Nearly 42 million Americans work for small businesses. Just 14 percent of small employers offer a retirement plan, according to the U.S. Government Accountability Office.
What's worse: Most workers without a workplace plan have no retirement savings, U.S. Secretary of Labor Alexander Acosta said in a press conference this week.
The Labor Department this week unveiled a new proposal aimed at tackling this issue.
The proposed rule would allow small businesses to band together to offer 401(k) plans to their workers. The plans would be offered by associations of employers based on geographic location or by industry. While small employers are now able to collaborate to provide retirement plans in certain circumstances, the proposal aims to ease those requirements.
Under the initiative, workers would have more opportunity to save through these arrangements, called Association Retirement Plans. Small businesses, in turn, would be able to better compete with larger employers for talent and provide plans at lower costs.
The Labor Department's move follows President Donald Trump's August executive order to strengthen retirement security in America, Acosta said. That order called for cabinet members to look for more ways to expand Americans' opportunities to save for retirement.
But if and when this proposal would go through is unclear. In the meantime, about 38 million private-sector employees have no access to a workplace retirement savings plan.
If you're one of them, there are some things you can do now to make sure you don't fall behind.
If you don't have a retirement plan, start by talking about it with your company.
"Sometimes the employer doesn't know that there's a need for it, so they don't look at the options available and set one up for their employees," said financial advisor Winnie Sun, founder at Sun Group Wealth Partners.
Be sure to let your employer know that there are incentives for them to offer such a plan.
That includes tax credits that are available for employers who sponsor a retirement plan, according to Aaron Pottichen, senior vice president at Alliant Retirement Consulting.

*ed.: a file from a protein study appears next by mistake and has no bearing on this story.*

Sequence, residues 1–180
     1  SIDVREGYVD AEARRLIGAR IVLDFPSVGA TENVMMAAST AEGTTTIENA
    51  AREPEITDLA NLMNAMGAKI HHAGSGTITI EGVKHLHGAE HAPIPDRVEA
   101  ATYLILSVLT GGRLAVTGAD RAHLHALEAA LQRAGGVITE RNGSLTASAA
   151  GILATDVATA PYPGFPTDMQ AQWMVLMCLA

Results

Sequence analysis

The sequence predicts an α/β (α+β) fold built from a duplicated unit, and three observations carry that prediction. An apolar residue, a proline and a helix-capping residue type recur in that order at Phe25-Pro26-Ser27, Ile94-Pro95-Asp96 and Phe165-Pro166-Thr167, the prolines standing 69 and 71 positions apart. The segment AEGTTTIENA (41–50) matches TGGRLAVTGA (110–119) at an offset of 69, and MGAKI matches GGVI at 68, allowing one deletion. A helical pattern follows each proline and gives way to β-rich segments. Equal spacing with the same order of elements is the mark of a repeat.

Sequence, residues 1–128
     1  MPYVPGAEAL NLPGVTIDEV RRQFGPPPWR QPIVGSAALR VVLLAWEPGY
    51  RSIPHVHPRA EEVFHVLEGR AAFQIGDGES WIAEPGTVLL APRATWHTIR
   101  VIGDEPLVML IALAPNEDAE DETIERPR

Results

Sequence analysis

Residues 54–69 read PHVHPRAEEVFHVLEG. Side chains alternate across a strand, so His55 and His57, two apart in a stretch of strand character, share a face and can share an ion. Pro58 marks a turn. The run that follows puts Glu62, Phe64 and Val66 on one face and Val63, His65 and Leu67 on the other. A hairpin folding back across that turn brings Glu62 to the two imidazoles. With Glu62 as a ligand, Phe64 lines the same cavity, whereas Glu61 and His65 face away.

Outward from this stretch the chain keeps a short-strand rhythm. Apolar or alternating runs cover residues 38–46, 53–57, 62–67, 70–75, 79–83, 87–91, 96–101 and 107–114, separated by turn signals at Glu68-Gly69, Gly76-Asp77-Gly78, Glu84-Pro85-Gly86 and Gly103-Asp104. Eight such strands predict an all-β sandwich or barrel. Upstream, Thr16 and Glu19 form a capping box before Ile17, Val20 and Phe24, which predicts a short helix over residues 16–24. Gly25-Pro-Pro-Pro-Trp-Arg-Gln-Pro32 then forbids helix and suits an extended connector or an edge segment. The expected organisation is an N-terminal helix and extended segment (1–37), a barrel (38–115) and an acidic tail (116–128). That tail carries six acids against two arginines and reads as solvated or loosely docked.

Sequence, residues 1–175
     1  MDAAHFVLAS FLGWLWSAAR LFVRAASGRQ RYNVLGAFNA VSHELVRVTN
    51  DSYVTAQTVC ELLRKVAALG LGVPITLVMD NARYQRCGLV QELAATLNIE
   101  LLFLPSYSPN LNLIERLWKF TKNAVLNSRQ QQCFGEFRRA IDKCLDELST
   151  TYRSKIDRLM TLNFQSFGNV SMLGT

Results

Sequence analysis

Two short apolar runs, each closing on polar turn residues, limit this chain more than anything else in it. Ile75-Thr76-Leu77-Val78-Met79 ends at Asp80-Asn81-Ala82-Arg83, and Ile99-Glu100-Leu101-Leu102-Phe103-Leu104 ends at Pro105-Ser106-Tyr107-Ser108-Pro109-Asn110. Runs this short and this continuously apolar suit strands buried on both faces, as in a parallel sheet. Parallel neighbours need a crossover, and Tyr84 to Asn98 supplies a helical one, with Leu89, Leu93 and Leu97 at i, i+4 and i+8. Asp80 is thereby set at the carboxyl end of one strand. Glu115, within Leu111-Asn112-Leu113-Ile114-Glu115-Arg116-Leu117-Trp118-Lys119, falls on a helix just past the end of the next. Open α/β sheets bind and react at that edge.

The owner, your boss, could use the plan to shelter their own taxable income. And instead of paying bonuses in cash, they can instead contribute to the savings program — and build incentives for employees to stay, Pottichen said.
If you are investing on your own, there are several ways you can stash away money for your long-term goals.
First, you can contribute to an individual retirement account. In 2018, you can contribute up to $5,500 in a traditional pre-tax IRA, and up to $6,500 if you are 50 years old or over. Alternatively, you may choose to fund a post-tax Roth IRA.
A Roth IRA is preferable in many cases because your money will grow 100 percent tax-free, Sun said. In addition, it can also serve as an emergency fund for younger investors because you can withdraw the principal you contributed to a Roth penalty-free.
Ideally, you want to fully fund your IRA in the first month of the year, Sun said, in order to get an extra 12 months of returns.
If you are married, you may want to contribute to a spousal IRA in your spouse's behalf, said Cathy Curtis, founder and chief executive officer of Curtis Financial Planning.
Spousal IRAs let you put aside an additional $5,500 to $6,500 for your husband or wife, provided they are not working. Other rules apply, depending on whether you are investing in a traditional IRA or Roth IRA.
Higher earners who are not eligible to contribute to Roth IRAs may want to consider a back-door Roth IRA, whereby assets in a traditional IRA are converted to a Roth IRA, Curtis said.
If you have a high-deductible health plan through your employer, you also have access to a health savings account.
The pre-tax money you put in that account can count towards your retirement savings, Curtis said.
In 2018, individuals can contribute up to $3,450 and families can put in up to $6,900 in these accounts.
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Those limits, combined with what you can save in your IRAs, can add up to substantial savings, Curtis said. And unlike flexible spending accounts, the balances in your health savings accounts can be carried over from year to year.
"You don't have to spend it; you can invest it," Curtis said. "There's a lot of cool things about HSAs."
If your employer is not interested in setting up a 401(k) plan, you may want to ask them to switch your status to a 1099, rather than a W-2, employee, Sun said.
Doing so will let you be paid as an independent contractor, freeing you to set up your own company.
Then, you could establish a retirement plan — such as a SEP IRA, a one-person 401(k) or even a pension plan, depending on your income — as a self-employed individual.
"The good news is it's not too complicated," Sun said. "Any decent tax professional should be able to give you some guidance.
"When you're making $50,000 to $60,000, it's worthy of the conversation."